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Like so many other people, I have a list of words that I try very hard not to use. For the most part, they’re easy to avoid. One word that takes more concentration than others on my list is “hope.” *

I’ve looked for synonyms, but none really satisfy the requirements of this single, simple word. So, I fall back on the good ole’ standby, “trust.” As in, “I trust you had a good time.”

But why do I avoid “hope?”

In my thoughts on anything, I try to always think positively. I want to manifest this and that and to do so requires a constant flow of positive thoughts. And “hope,” I’ve determined, is not as positive as I’d like it to be.

Let me try these statements on you.

sneeze“I hope you get that job.”

“I hope everything turns out alright for you and the kids with your divorce.”

“I hope you have a wonderful time.”

Or in the first-person tense:

“I hope I get that job.”

“I hope the biopsy test results are negative.”

“I hope I don’t get the flu.”

Or a big one for gamblers, “I hope I win the lottery!”

Do you see a pattern in all these statements?

Underlying each occurrence of hope is “doubt.” In fact, it’s hard to use hope without doubt creeping into the statement.

To say that “I hope I get that job” really means that there’s a part of me, my thoughts, that believes that there’s a chance I won’t get the job.

To say that “I hope the biopsy test results are negative” means that there’s a possibility that they could be positive, that the results could be anything less than good.

But why do I see doubt creep into “hope?”

Because when it’s used, there’s usually some underlying fear that exists. From that fear, doubt is born.

I may fear that there are certain skills I lack for that job I just applied for; therefore, there’s a piece of me, my thoughts, that believes I either don’t deserve that job, that I’m not qualified for it, that it’s too good to be true, or a host of other negative thoughts.

I may fear that the biopsy is positive because I “believe,” to even just a little extent, that it runs in my family so there’s a chance that it could be cancerous, that I will inherit this dreaded disease.

Thinking back to the times I used “hope” when I really wanted certain things to come to fruition, they rarely did. (I still haven’t won a lottery, though I am in good health.)

The reason why my past “hopes” didn’t become my reality is due to doubting.

If there’s the least bit of doubt, of negativity in our minds, then the mind tends to focus, to obsess, about that negativity. And what the mind focuses on, that reality is soon to follow.

It is my belief (not my hope), that in order to achieve something with absolute certainty, we have to remove all doubt; not just some or most, but all. We have to remove “hope.”

But we just can’t avoid saying the word hope. We have to truly believe in what we say or think. “I trust I’ll get that job” isn’t good enough if we don’t truly believe we will. We might as well use the word hope.

We have to truly believe the biopsy test results are going to be negative, regardless of our familial history. Otherwise, it’s just an exercise in semantics.

Keeping the mind on the positive thoughts about anything, focusing on the good outcome, will rid the negative thoughts that want to creep in.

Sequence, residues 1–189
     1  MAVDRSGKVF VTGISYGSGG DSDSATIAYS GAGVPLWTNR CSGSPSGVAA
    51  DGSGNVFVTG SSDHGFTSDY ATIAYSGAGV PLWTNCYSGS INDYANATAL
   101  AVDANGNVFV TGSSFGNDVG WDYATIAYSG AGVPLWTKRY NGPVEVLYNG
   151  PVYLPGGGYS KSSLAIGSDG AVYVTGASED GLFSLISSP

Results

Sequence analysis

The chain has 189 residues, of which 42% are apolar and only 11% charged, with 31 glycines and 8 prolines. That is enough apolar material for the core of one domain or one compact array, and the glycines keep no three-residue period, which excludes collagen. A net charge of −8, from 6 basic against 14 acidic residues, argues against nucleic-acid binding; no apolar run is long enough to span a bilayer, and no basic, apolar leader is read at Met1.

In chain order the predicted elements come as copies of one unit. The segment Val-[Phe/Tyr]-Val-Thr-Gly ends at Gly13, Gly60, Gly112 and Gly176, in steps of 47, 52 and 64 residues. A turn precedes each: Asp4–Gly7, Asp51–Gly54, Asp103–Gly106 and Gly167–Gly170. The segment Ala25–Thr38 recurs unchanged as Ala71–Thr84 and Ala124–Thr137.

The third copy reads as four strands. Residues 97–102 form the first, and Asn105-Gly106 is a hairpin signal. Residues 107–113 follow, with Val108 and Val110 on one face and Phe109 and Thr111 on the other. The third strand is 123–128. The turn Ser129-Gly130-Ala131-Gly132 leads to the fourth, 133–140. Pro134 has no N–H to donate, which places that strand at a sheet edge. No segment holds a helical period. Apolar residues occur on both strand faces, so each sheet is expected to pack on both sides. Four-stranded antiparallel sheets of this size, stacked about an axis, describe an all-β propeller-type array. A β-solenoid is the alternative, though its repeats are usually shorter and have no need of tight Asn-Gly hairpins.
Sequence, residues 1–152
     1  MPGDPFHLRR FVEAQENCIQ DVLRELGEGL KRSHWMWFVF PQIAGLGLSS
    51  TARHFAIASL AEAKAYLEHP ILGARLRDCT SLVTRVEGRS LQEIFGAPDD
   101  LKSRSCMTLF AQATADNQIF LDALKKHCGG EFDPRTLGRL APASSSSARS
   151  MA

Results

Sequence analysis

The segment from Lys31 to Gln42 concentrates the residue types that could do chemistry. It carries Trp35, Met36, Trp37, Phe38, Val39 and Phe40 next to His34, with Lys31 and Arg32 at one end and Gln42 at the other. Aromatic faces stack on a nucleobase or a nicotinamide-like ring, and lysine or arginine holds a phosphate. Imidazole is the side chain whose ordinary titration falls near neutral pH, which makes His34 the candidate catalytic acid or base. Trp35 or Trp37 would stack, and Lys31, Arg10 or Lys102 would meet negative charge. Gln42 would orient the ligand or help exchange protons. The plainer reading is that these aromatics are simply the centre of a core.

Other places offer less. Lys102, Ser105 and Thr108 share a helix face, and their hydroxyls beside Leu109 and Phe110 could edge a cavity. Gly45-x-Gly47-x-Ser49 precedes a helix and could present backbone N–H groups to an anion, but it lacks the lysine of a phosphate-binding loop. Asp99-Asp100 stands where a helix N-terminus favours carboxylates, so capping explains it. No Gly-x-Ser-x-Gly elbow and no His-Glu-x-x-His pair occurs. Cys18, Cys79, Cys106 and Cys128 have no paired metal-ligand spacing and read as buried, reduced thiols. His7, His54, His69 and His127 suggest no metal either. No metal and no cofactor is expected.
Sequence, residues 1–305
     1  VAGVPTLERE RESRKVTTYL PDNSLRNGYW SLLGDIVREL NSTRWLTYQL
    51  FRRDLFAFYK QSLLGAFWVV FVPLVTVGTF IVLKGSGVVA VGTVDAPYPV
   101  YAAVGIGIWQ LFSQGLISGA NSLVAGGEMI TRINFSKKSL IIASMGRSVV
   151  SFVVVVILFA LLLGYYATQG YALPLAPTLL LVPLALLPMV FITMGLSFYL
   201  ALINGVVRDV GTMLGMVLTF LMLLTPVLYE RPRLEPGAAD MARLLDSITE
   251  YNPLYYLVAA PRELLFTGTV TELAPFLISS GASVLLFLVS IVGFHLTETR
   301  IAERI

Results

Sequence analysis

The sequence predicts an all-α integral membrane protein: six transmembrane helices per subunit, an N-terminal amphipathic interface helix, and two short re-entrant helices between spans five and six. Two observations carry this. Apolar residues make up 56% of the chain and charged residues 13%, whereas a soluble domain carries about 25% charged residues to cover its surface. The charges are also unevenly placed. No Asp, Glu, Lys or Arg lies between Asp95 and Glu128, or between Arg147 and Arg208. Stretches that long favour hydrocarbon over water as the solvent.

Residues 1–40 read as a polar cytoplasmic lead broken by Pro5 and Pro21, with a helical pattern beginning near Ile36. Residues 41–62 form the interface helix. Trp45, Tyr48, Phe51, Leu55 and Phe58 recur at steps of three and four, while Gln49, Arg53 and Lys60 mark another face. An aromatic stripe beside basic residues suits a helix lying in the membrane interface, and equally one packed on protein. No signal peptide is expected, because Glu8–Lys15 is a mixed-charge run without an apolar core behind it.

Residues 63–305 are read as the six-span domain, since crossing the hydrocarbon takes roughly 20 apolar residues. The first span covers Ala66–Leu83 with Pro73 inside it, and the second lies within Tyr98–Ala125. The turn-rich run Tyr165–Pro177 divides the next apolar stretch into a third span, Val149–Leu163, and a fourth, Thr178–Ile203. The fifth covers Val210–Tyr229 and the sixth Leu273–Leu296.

pdishIf you find a negative thought enters your mind, yell at it to get out (no, really, yell at it), then turn your focus on the good.

I was working at a client’s place of business a few weeks ago when one of the employees came in complaining about having to work with the flu.

Red flags went up immediately.

I work for myself and cannot afford to be confined to the bed nursing a cold, flu or some other illness. But instead of thinking “I hope I don’t get the flu” (which was my initial, knee-jerk reaction), I focused on being healthy. I started thinking affirmations that revolved around the positive things of being healthy. Not once did I think “I will not get the flu” in my affirmations. Doing so would acknowledge that there was a possibility of getting the flu.

I didn’t spend the next few days wondering if I was coming down with the flu, either. To me, there was no doubt that I wasn’t going to get it (and I didn’t).

Try to use the word hope in a sentence and see if there’s any underlying doubt in it. If there is, then maybe a different word would do.

Don’t let doubt come into your thoughts about anything. Know what you want with certainty and it will be so. I’ve used this quote before from Napoleon Hill, which is appropriate here: What the mind can conceive and believe, it can achieve.

Belief, unwavering belief without any doubt, gets you there.

“I trust you’ll get that job.”

“I trust your health will improve.”

“I trust you will mend things with your daughter.”

For me there is no hope, only trust. I’m absolutely certain of it.

And for you, dear reader, I trust you will have a great weekend, in peacefulness and joy.

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Check out these resources:

Prentice Mulford: Thoughts are Things (PDF, epub, kindle. Free from Feedbooks.com)

Jeannette Maw: Pick a Reality, Any Reality (article, read online)

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* There may be a case where “hope” is an appropriate word to use, and you may come up with an example or two; however, I’ve yet to find one.

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